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Sex-specific control of central nervous system autoimmunity by p38 mitogen-activated protein kinase signaling in myeloid cells

Krementsov, DN;Noubade, R;Dragon, JA;Otsu, K;Rincon, M;Teuscher, C;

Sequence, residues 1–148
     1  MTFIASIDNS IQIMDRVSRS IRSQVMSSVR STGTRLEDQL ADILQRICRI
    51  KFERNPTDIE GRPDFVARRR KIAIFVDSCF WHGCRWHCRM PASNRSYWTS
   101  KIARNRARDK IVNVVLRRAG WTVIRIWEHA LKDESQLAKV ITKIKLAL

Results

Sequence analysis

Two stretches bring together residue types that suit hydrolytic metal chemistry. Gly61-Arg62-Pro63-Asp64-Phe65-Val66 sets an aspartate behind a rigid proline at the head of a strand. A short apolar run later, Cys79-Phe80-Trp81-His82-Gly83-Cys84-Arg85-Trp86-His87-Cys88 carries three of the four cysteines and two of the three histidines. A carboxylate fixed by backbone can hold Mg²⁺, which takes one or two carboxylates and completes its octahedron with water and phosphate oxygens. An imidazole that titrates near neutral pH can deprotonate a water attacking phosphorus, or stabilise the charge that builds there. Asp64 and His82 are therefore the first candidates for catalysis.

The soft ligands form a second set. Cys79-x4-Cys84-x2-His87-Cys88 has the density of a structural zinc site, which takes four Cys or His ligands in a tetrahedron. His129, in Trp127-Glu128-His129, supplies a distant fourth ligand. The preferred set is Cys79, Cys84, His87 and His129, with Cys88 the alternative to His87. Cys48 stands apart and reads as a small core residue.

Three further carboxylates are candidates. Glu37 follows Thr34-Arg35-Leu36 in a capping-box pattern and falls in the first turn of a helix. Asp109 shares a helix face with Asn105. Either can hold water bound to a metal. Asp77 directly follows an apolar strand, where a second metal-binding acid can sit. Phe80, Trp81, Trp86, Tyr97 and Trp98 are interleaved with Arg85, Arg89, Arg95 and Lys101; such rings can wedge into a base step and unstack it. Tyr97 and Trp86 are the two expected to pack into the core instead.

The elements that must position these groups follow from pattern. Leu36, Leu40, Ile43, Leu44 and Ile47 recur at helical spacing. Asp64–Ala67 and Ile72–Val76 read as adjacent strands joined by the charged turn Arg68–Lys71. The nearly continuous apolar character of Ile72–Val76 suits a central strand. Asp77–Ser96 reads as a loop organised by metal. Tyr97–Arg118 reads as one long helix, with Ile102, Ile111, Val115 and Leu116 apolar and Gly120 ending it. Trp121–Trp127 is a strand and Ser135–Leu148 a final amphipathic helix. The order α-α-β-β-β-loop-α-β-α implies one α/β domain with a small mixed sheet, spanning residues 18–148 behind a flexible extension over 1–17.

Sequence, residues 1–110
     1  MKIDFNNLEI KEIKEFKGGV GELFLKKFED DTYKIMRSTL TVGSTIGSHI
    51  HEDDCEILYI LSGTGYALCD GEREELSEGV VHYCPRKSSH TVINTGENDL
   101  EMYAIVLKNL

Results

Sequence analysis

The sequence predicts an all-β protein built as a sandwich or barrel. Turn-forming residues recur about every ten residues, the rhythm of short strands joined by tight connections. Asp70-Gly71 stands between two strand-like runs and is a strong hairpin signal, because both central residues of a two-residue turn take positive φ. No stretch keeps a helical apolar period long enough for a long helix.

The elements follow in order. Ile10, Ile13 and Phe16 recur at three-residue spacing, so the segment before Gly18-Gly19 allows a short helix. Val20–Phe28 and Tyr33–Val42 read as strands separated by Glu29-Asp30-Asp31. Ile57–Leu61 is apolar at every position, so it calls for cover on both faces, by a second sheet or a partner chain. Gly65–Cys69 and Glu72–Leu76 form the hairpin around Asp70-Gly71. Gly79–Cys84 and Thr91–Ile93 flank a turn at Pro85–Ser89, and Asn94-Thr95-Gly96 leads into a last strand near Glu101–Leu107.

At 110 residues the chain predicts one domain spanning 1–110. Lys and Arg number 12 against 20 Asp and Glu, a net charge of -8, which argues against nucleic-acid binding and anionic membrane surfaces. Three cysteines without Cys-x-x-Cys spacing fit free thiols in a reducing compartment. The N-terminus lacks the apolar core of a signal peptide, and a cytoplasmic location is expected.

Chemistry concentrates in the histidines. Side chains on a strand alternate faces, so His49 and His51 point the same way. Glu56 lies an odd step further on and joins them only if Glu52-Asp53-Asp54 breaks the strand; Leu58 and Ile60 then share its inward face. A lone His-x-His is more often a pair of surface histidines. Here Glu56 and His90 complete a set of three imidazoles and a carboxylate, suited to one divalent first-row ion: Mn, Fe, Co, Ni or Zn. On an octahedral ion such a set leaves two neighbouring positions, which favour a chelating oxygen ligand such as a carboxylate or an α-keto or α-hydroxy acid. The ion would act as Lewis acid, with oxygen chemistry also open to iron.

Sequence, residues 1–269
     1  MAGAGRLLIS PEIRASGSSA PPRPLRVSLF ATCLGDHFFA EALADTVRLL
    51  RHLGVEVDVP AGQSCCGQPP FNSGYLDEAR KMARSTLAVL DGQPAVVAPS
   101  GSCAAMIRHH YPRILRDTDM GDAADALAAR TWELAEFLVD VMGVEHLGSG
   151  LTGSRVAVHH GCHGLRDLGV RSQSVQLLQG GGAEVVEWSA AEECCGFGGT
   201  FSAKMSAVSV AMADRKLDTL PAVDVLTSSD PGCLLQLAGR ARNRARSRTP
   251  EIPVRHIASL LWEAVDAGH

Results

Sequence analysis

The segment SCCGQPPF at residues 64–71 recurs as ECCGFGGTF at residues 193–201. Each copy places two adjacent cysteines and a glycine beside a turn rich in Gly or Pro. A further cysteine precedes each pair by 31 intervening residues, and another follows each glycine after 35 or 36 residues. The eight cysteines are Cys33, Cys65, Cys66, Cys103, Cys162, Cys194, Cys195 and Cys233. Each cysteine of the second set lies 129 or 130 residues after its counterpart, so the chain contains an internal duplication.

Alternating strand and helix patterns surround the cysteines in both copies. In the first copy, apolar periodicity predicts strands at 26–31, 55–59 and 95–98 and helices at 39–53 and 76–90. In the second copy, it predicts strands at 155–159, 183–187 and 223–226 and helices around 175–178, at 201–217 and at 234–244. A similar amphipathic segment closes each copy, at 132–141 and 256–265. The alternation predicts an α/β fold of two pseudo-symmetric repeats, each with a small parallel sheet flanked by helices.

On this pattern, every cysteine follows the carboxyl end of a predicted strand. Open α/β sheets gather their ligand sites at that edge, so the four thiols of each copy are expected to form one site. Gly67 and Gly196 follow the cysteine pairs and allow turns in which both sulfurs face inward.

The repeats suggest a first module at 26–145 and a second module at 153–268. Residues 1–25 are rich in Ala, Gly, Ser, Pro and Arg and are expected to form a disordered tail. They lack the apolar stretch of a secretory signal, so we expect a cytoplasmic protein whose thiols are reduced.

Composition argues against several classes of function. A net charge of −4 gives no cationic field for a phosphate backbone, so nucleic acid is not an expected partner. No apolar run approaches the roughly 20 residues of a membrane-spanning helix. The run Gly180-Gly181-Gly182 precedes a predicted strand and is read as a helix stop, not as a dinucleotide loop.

Multiple sclerosis (MS) is a chronic inflammatory demyelinating disease of the central nervous system (CNS), characterized by a global increasing incidence driven by relapsing-remitting disease in females. Investigators have described p38 mitogen-activated protein kinase (MAPK) as a key regulator of inflammatory responses in autoimmunity, but its role in the sexual dimorphism in MS or MS models remains unexplored.,Toward this end, we used experimental autoimmune encephalomyelitis (EAE), the principal animal model of MS, combined with pharmacologic and genetic inhibition of p38 MAPK activity and transcriptomic analyses.,Pharmacologic inhibition of p38 MAPK selectively ameliorated EAE in female mice. Conditional deletion studies demonstrated that p38 signaling in macrophages/myeloid cells, but not T cells or dendritic cells, mediated this sexual dimorphism, which was dependent on the presence of adult sex hormones. Analysis of CNS inflammatory infiltrates showed that female but not male mice lacking p38 in myeloid cells exhibited reduced immune cell activation compared with controls, whereas peripheral T-cell priming was unaffected in both sexes. Transcriptomic analyses of myeloid cells revealed differences in p38-controlled transcripts comprising female- and male-specific gene modules, with greater p38 dependence of proinflammatory gene expression in females.,Our findings demonstrate a key role for p38 in myeloid cells in CNS autoimmunity and uncover important molecular mechanisms underlying sex differences in disease pathogenesis. Taken together, our results suggest that the p38 MAPK signaling pathway represents a novel target for much needed disease-modifying therapies for MS.